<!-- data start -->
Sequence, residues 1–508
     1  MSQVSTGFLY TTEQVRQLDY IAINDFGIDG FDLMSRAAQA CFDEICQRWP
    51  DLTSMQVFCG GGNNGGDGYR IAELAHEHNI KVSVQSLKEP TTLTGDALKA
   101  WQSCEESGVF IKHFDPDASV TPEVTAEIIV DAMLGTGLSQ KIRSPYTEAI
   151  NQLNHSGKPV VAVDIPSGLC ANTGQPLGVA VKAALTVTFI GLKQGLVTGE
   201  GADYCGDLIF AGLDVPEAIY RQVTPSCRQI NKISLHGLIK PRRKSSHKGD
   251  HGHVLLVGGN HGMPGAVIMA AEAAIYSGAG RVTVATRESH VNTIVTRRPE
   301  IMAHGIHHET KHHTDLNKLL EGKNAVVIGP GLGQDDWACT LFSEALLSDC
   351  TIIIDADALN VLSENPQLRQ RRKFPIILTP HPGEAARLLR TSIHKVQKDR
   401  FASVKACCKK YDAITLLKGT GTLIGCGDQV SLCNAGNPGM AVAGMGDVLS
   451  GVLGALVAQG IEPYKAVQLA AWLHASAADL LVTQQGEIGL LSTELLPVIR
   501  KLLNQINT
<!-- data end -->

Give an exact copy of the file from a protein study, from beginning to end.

Sequence, residues 1–508
     1  MSQVSTGFLY TTEQVRQLDY IAINDFGIDG FDLMSRAAQA CFDEICQRWP
    51  DLTSMQVFCG GGNNGGDGYR IAELAHEHNI KVSVQSLKEP TTLTGDALKA
   101  WQSCEESGVF IKHFDPDASV TPEVTAEIIV DAMLGTGLSQ KIRSPYTEAI
   151  NQLNHSGKPV VAVDIPSGLC ANTGQPLGVA VKAALTVTFI GLKQGLVTGE
   201  GADYCGDLIF AGLDVPEAIY RQVTPSCRQI NKISLHGLIK PRRKSSHKGD
   251  HGHVLLVGGN HGMPGAVIMA AEAAIYSGAG RVTVATRESH VNTIVTRRPE
   301  IMAHGIHHET KHHTDLNKLL EGKNAVVIGP GLGQDDWACT LFSEALLSDC
   351  TIIIDADALN VLSENPQLRQ RRKFPIILTP HPGEAARLLR TSIHKVQKDR
   401  FASVKACCKK YDAITLLKGT GTLIGCGDQV SLCNAGNPGM AVAGMGDVLS
   451  GVLGALVAQG IEPYKAVQLA AWLHASAADL LVTQQGEIGL LSTELLPVIR
   501  KLLNQINT